Fight against false copyright claims goes to Capitol Hill
Retraction Watch readers may recall that in November, we, along with Automattic, the company behind WordPress, filed a lawsuit against someone who filed a false copyright infringement claim about ten of our posts.
On a false pretense — copying and pasting the posts onto a website in India, then claiming that we had plagiarized that site — that person used a law known as the Digital Millenium Copyright Act (DMCA) to force WordPress to remove our posts. Here’s why WordPress had to do that, as Ars Technica had put it a few years earlier:
The Digital Millennium Copyright Act serves many purposes, some of which are good, but certain parts of it are ripe for abuse. The infamous DMCA takedown notice is at the top of anyone’s list of most-abused parts of the act. These notices are meant to make it easy for content owners to have violations removed, and they do. But the notices also make it easy for anyone to try and silence criticism or stifle angles they simply don’t like, even if the party in question is working perfectly within the confines of fair use.
Yesterday, WordPress and Automattic took the fight against false DMCA claims to Washington. The company’s general counsel, Paul Sieminski, with who we worked on the suit, testified before a hearing of the House of Representatives’ Subcommittee on Courts, Intellectual Property, and the Internet. That subcommittee also heard from representatives of Google and Elsevier. Excerpt of Sieminski’s testimony:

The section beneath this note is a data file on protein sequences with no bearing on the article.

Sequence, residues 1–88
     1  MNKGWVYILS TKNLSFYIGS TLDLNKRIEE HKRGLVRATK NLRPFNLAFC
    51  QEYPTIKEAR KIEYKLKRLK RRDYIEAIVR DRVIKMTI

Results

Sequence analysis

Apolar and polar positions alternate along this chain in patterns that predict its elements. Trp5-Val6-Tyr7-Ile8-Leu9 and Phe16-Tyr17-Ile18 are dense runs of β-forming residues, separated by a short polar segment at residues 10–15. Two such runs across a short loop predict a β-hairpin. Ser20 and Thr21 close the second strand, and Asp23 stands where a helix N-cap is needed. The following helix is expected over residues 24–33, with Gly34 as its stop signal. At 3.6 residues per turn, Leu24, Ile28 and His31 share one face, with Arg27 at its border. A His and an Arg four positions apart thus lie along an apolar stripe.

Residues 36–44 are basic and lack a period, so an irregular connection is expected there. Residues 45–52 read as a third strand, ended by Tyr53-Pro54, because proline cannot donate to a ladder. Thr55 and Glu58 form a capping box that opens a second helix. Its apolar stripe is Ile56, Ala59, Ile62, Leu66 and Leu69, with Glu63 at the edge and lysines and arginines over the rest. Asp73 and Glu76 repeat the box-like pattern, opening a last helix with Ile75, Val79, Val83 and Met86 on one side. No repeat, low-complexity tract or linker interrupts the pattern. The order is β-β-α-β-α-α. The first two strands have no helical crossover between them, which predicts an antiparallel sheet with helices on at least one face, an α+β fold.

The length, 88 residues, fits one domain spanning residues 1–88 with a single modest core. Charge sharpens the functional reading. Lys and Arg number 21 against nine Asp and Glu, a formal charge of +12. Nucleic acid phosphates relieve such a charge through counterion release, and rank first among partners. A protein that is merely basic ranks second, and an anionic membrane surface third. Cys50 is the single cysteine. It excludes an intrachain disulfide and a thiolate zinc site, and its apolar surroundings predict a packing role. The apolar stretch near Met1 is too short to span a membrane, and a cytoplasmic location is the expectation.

While there are statutory damages for copyright infringement (even if very minor) there are no similar damages, or clear penalties of any kind, for submitting a fraudulent DMCA notice. The lawsuits that we filed represent the only recourse for abuse of the DMCA takedown process. The lawsuits were expensive to bring, time consuming to prosecute, and promise very little in the way of compensation in return. We brought these lawsuits, alongside our users, to protect their important free speech rights and send the message that abuse of the DMCA process has consequences (at least on WordPress.com). Cases like these are extremely rare, and I’m confident in saying that the users would not have the time, resources or sophistication to bring the suits on their own.
The DMCA system gives copyright holders a powerful and easy-to-use weapon: the unilateral right to issue a takedown notice that a website operator (like Automattic) must honor or risk legal liability. The system works so long as copyright owners use this power in good faith. But too often they don’t,and there should be clear legal consequences for those who choose to abuse the system. I’d urge the Committee to add such penalties to the DMCA to deter and punish these types of abuses.